Upper Marlboro, MD… Sheriff Melvin C. High joined County Executive Rushern Baker and Hyattsville City Chief of Police Douglas Holland, along with County Police Chief Magaw and other law enforcement officers from agencies throughout the region today at a ceremony to begin the first leg of the Maryland Law Enforcement Torch Run.
Chief Holland, who chairs the Law Enforcement Torch Run, saluted each of the regional agencies for their participation, including several police training academies.
“The Maryland Special Olympics Torch Run is the second most successful in terms of the amount of money we raise because of all of you and your support,” said Chief Holland.
Addressing police officers and recruits participating in the Torch Run for the first time, Chief Holland urged and challenged them to be involved in as many Special Olympics activities as possible throughout their careers.
Sheriff High recalled the many Special Olympics events he’s been involved in over the course of his career in law enforcement saying, “I always get a special feeling watching Special Olympics athletes compete and seeing the joy and sense of accomplishment and satisfaction that’s clearly visible on their faces.” The Sheriff went on to say that the growth of Special Olympics has always been a source of pride for him knowing the role that the law enforcement community has played in that growth.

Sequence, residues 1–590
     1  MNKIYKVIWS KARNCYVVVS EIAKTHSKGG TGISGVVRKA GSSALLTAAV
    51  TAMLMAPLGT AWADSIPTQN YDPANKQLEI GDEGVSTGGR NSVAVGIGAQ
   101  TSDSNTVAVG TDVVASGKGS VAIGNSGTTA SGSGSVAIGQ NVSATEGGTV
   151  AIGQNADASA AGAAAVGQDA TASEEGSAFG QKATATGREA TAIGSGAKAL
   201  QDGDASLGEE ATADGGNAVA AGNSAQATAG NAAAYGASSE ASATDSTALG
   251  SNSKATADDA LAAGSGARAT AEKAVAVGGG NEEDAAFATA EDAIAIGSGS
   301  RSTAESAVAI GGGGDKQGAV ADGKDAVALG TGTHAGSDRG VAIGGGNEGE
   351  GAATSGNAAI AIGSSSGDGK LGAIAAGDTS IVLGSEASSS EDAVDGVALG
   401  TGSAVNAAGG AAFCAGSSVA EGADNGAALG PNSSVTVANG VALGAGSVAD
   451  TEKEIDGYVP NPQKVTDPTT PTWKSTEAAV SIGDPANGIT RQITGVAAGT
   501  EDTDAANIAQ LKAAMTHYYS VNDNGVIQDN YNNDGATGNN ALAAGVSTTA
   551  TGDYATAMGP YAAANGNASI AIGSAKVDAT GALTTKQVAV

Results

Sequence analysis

More than 100 athletes and law enforcement officers participated in the first leg of the Run, following the Olympic Flame that was presented by a Prince George’s County Maryland Special Olympian Elijah Harrod and County Police Student Officer Dane Slavin, from the Hyattsville Courthouse ceremony to lunch at the American Legion Post in College Park. Student Officer Slavin carried on a family tradition in that his parents are former law enforcement officers who had also participated in the Law Enforcement Torch Run.
The Torch Run ends with the opening ceremony of the 2014 Special Olympics Summer Games. It began in 1981 as an idea of Witchita, Kansas Police Chief Richard LaMunyon, who wanted to involve law enforcement in Special Olympics to raise money.
When the International Association of Chiefs of Police (IACP) embraced the idea three year later, the project took off, and with IACP support law enforcement community involvement grew to include organizations at every level of government.
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